Lulu Ullali Bevay Summary

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Lulu Ulali Bevay was 36 years old when her standard Western doctor had prescribed her pharmaceutical medicine. Rather than filling her prescription, Lulu had turned to her traditional medical beliefs and sought relief through her Cherokee roots. In accordance with her native beliefs, removing all negative energies will consequently make her healthy. Therefore, she believed natural remedies were the answer to her ailments, leading her to go through a Cherokee purification ceremony. In comparison to Western medicine, natural remedies are a common practice among Native Americans; though with hundreds of native tribes currently residing in the United States, beliefs, customs, and overall subcultures vary in many ways.
Nevertheless, certain traditions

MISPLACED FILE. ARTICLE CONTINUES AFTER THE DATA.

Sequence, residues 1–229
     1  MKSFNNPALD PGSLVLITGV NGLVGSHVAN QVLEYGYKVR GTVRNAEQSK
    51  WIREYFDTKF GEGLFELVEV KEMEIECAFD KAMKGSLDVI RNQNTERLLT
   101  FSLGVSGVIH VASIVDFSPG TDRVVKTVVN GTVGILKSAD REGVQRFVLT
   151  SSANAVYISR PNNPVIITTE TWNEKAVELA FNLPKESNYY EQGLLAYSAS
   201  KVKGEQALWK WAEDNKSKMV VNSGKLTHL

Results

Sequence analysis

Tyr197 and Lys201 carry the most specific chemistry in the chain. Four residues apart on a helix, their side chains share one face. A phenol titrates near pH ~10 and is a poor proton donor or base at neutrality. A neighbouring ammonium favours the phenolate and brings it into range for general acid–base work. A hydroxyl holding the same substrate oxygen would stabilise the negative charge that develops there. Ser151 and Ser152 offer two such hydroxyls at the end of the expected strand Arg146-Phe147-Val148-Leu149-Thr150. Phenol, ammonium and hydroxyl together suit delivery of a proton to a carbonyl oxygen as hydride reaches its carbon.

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Adding to the conversation, academic scholar Daniel Carlock notes, “health disparities between Native Americans and the general population of the United States are a major health concern” (Carlock, Danielle). Hence, an inherent culturally based issue arises where natives are disregarding modern medicine and Western medical practices and instead turning to a traditional holistic approach. Alternative to standard science being the leading factor towards understanding illness and medicine, a cultural barrier divides indigenous peoples perception of the effectiveness of Western science in regards to traditional beliefs. This creates much difficulty for the U.S. government agency the Indian Health Service providing health care and assistance to federally recognized tribes and indigenous peoples. Commenting on Native American health discrepancies, professor James E. Cheek finds “the infectious disease rate in Native Americans populations was significantly higher than that of Whites”(Cheek, James E). This connects Native American cultural beliefs to an increase in medical disparities in relationship to following standard Western medical practices. With tradition ingrained in Native American culture, indigenous medical practices fail to focus on pathology and curing the disease, instead restoring balance between one's mind, body, and spirit is the focus of natives. Consequently, this is leading to standard Western medical practices and medicine being disregarded because Western culture in terms of medicine has been seen to impede important native spirituality beliefs. “The rates for the top ten underlying causes of death were significantly higher for Native American persons than those for whites” (Cheek, James E). This study accounts for the disparities in regards to

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